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RedNeckRaider
06-22-2011, 02:18 PM
I am wanting to buy a digital camera and have not a clue where to start. I have been checking out the Nikon D5100. I would like something along that line. It is a bit too pricey and exceeds my budget and ability. I would like a camera that can take some cool photos with some decent zoom capability without breaking the bank for something that is at best going to be a hobby~

Iowanian
06-22-2011, 03:49 PM
I'm in the same market.

I'm looking at the Nikon and Cannon stuff. My range is 500-1k and I want a quality camera for mostly family type and activity pics....Kids, T-ball type stuff.

If I'm adding 1 lens, which one?

Bwana
06-22-2011, 04:47 PM
I have this one, along with an extra lens or two :) and love it.

http://usa.canon.com/cusa/consumer/products/cameras/slr_cameras/eos_rebel_xsi_ef_s_18_55is_kit

Otter
06-22-2011, 04:54 PM
First thing you need to do is ask yourself what you'll be taking pictures of. That right there will help determine what you need.

I spent a grand on a professional camera a couple years ago. Setting up the camera for each particular shot was a pain in the ass and usually when I wanted to take a picture there was a short window that didn't allow for setup so the pic came out like shit.

I have one of these now http://alturl.com/x37kt and I shit you not 99% of my photos come out better looking than with $1000 professional camera.

Don't make things more complicated than you need to because it will come back to bite you in the ass.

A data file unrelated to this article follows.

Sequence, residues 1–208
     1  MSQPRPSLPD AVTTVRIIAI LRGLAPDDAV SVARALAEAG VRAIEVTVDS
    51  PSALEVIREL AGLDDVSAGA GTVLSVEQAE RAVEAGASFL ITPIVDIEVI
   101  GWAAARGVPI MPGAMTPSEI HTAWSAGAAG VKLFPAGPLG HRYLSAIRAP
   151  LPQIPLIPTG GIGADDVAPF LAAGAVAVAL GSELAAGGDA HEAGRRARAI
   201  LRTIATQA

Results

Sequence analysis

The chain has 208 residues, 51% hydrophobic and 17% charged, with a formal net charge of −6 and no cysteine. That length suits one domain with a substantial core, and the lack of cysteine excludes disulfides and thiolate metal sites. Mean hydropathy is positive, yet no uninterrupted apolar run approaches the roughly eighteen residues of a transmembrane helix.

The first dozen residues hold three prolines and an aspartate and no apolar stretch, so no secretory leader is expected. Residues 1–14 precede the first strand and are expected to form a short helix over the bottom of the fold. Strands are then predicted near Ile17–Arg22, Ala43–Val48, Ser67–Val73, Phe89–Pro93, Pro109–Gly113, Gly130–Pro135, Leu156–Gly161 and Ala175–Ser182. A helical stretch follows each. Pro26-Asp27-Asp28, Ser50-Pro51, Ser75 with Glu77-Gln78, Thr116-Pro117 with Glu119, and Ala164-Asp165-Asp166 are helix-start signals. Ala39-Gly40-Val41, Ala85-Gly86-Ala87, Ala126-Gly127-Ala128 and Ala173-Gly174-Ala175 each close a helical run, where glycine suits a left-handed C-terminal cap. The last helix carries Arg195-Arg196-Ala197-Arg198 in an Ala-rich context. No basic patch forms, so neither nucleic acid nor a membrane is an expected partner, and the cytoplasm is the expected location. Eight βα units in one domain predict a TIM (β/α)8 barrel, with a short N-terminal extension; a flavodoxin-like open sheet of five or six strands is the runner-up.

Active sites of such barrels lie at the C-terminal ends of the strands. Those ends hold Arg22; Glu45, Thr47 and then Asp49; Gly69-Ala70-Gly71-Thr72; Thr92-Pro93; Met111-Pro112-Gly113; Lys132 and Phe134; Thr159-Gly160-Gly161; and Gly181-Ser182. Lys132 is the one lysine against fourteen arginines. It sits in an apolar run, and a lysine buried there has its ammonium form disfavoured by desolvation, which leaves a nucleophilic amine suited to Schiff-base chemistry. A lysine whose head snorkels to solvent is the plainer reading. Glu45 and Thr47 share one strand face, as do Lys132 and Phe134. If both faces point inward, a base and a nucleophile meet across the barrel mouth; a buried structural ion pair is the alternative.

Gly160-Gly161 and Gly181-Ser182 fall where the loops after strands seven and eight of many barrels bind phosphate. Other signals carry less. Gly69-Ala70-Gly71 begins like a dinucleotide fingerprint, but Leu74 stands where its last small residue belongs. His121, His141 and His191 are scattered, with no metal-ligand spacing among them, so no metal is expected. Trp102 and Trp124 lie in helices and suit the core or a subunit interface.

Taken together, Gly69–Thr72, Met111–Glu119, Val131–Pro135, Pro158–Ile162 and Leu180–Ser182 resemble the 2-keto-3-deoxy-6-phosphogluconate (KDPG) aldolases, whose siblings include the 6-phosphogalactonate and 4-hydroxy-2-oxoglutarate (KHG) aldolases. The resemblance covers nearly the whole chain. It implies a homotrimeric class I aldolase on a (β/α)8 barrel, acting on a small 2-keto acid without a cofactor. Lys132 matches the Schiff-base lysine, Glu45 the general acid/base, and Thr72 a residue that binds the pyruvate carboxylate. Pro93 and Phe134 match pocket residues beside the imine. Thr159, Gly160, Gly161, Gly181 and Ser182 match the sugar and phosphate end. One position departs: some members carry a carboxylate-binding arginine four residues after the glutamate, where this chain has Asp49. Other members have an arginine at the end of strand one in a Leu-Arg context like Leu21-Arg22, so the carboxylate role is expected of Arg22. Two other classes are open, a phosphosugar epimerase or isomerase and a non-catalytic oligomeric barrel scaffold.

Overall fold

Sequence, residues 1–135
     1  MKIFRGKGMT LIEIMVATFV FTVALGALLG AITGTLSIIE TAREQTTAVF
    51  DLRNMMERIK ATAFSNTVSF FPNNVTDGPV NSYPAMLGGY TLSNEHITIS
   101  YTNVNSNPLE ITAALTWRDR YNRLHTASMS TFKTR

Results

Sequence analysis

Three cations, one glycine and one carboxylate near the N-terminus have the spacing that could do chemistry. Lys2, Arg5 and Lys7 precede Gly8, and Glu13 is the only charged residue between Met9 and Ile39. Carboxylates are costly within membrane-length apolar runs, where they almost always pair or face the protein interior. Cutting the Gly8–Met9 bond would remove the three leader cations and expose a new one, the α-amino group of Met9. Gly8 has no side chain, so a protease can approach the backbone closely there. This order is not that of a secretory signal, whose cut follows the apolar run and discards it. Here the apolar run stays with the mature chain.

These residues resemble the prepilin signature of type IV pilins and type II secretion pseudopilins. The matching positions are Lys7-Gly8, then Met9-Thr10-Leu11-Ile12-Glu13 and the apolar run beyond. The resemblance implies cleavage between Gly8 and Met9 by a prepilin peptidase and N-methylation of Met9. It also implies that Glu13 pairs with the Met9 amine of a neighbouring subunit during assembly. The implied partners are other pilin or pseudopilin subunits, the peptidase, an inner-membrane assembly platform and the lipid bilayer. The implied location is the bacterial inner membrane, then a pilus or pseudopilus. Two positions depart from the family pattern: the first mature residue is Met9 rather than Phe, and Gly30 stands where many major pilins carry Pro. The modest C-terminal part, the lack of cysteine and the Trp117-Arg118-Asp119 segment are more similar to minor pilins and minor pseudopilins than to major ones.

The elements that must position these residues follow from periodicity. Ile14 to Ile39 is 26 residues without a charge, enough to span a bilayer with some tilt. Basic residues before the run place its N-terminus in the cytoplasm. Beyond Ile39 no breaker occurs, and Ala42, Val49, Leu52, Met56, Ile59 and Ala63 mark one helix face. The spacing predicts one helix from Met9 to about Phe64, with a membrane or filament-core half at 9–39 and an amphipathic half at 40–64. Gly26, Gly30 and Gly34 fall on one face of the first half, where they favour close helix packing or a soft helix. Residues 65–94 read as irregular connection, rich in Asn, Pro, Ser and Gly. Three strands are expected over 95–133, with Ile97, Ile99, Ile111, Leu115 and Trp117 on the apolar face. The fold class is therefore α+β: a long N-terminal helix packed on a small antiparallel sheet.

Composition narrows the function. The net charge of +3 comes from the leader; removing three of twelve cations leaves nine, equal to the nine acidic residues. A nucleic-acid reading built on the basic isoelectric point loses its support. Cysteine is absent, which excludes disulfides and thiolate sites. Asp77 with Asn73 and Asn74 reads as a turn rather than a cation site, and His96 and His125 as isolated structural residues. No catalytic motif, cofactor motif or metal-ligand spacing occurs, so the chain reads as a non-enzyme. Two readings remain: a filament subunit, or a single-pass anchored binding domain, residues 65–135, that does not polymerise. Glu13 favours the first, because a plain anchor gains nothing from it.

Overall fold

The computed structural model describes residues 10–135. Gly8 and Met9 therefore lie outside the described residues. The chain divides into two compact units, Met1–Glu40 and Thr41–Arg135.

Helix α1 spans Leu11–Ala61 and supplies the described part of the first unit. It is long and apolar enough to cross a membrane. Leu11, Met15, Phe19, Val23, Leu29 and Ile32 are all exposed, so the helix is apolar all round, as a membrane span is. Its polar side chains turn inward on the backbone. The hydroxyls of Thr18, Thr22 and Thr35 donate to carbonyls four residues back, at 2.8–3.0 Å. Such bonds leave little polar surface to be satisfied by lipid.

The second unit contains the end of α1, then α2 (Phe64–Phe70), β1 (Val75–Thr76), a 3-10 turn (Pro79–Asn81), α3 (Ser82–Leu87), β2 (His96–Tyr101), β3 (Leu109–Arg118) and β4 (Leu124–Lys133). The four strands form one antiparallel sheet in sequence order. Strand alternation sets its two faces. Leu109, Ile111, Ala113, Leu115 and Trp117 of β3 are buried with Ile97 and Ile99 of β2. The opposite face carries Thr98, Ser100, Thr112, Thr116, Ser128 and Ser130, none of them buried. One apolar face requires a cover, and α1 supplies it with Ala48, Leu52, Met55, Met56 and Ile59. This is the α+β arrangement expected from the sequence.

rtmike
06-22-2011, 05:02 PM
All of the family's are Olympus.

Anything over 4-5 megapixels only benefits printing over 8.5 x 11.

Saul Good
06-22-2011, 06:52 PM
It doesn't matter what you buy. It will be obsolete as soon as this thing hits the market. Holy shit!

http://news.yahoo.com/s/digitaltrends/20110622/tc_digitaltrends/lytrothecamerathatcouldchangephotographyforever

Dave Lane
06-22-2011, 08:29 PM
I highly recommend the SBIG STX-16803, its really the camera of the future with ethernet, USB and firewire connections. Its 16 MP monochrome and the price has finally dropped to under $15k

You can use adaptive optics and a remote guiding head and with filters still be under $20,000. Great ccd camera.

Oh wait wrong board :)

Dartgod
06-22-2011, 09:09 PM
I got the Nikon D3100 for Christmas last year and just recently bought a 55-300 zoom lens for it. I'm very happy with both purchases.

http://www.bestbuy.com/site/Nikon+-+D3100+14.2-Megapixel+Digital+SLR+Camera+-+Black/1222817.p?id=1218237704411&skuId=1222817

http://www.bestbuy.com/site/Nikon+-+AF-S+DX+Nikkor+55-300mm+f/4.5-5.6+VR+Zoom+Lens+for+Nikon+SLR+Cameras/1230528.p?id=1218239171002&skuId=1230528

btlook1
06-23-2011, 02:18 AM
We purchase a Nikon D5000 with the extra I think 300mm lens or something like that. WE are very happy with our purchase and would recommend it to others. Software is ok not great but works. If I was doing it over again I would get a bigger zoom lens to start with. Just my 2cents.

Virtua Chief
06-23-2011, 04:07 AM
I'm a Canon guy and I shoot a lot of video mostly (7D) and I heard that Nikon D5100 is gangbangers. Canon Rebel T3i is awesome looking as well.
For a smaller cam, those highend Canon's like the G12 are awesome too.
Posted via Mobile Device

Predarat
06-23-2011, 06:09 AM
I have always have good luck with Cannon, and they seem to have a good range from beginner to advanced.

Dartgod
06-23-2011, 06:12 AM